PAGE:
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Iowa Cocky-Us

by MARY McINNIS

Let the drooling begin. Over me — one Iowan who, any other time, is as recognizable on the national landscape as a furrow.

Last night was my night. Iowans like me traipsed across icy parking lots and tired TV screens to tell the world, “Hey! Iowa is more than a bunch of vowels! We got the caucus!” (Try to say that without a tongue.)

And boy, do we milk this udderly unique opportunity. Here are a few notes from last night’s proceedings, a “lessons learned,” if you will, on how some of us Iowans make the most of these 15 minutes… or 117, if your bespectacled Precinct Chair goes by the book.

Never arrive at your caucus decided. No matter how decided you are.
Avoid wearing clothing that gives away your leanings (i.e. second-hand duds: Kucinich; anything with the word “rock” on it: Obama)

Politely decline all stickers thrust at you upon entry into your precinct site. Alternately, you may choose, as a friend of mine did, to wear them all.

Remember, though, the goal is to appear available, not slutty.

Sit in a portion of the room on the immediate border of an established group — even better, sandwich yourself between two. People will repeatedly confuse you for a member of their camp, and will then be beholden to woo you.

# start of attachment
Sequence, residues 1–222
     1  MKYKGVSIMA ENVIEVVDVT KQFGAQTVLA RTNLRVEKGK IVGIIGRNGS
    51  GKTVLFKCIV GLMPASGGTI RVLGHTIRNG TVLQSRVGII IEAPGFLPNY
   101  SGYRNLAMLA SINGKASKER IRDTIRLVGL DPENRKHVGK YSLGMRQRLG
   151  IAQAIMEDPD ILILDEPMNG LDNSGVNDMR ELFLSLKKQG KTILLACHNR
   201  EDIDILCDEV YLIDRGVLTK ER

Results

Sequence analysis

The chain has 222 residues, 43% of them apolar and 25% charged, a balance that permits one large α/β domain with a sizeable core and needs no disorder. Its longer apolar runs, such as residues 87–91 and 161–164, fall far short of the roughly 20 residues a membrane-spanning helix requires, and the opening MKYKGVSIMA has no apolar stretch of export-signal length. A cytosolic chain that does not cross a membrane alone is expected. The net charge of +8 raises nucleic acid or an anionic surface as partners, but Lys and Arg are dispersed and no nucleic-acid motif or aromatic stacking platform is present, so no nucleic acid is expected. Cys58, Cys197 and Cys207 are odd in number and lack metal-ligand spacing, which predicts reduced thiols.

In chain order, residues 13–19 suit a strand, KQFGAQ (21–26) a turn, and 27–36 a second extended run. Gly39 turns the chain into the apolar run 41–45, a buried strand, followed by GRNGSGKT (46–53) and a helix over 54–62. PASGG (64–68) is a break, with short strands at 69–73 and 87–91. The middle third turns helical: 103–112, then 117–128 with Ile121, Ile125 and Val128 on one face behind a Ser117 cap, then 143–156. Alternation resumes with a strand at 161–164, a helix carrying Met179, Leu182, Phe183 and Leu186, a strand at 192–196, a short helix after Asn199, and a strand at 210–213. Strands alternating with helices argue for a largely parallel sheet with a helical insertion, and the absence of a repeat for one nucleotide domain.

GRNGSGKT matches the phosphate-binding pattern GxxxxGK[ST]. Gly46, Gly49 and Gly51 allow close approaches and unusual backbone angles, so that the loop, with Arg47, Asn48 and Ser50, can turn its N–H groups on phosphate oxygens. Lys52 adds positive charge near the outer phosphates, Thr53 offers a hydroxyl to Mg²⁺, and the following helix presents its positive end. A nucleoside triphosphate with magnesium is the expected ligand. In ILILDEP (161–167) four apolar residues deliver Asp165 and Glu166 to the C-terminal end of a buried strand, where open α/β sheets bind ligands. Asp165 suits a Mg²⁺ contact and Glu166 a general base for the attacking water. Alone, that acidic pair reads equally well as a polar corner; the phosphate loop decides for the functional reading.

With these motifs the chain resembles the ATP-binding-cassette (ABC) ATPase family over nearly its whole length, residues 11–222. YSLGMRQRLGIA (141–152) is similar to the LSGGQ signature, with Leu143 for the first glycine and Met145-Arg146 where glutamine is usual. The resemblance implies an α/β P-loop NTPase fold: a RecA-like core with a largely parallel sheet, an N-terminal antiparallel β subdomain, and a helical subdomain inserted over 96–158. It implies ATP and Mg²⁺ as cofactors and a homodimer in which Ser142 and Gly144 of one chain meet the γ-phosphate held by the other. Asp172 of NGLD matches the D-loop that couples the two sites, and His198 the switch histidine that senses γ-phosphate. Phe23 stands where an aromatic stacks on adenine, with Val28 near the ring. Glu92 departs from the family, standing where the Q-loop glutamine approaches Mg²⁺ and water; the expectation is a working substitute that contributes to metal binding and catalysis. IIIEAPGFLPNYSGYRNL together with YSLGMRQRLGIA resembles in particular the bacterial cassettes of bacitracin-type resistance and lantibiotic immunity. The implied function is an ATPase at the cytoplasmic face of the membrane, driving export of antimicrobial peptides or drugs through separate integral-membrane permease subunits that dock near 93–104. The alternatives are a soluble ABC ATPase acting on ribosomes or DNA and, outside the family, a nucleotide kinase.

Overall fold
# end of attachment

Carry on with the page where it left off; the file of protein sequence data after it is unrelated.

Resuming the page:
Talk to as many people as possible, particularly when the Democratic Party Order of Proceedings are being read.

If your precinct is large, and there is a question about something insignificant, like anything at all about Mike Gravel, wave the notebook page written by your 8-year-old and speak authoritatively to keep things moving.

When the Chair instructs you to choose a “preference group,” look down and scuff your shoe in front of you. Only look up if nobody comes to sweep you off your scuffing feet. Then, mill into a camp coyly. They won’t be able to help themselves.

If you find that nobody is panting after you, ask arbitrary questions of glum-looking people. To those on the prowl, this has opportunity written all over it.

Avoid interacting with the loud people. Instead, offer them a stick of gum.

When you ask a question about global human rights issues, and the kid says, “I don’t know about that but I’m in education — do you like education? Let me tell you about this guy and education…” offer him a stick of gum, too.

Be a tease. Commit to a group only after much wandering and waffling. Make them work to get your body.

Take it to the wire. Make your choice in the final seconds. This will elicit cheers from the prowlers in your chosen camp, and envious stares from those that sat there all along.

Commit dramatically. A throaty “Sticker me” works well.

Notice how, when the Obama camp Captain makes their final count, it’s like they’re doing the wave in slow motion. You are suddenly a rock star.

And that does it. We head home to our foursquares and farmhouses and once again assume the form of Field of Dreams extras to the rest of the country. But a little taller, perhaps. And who knows what these stickers might fetch on e-bay.

MARY McINNIS lives in Iowa.

 

 

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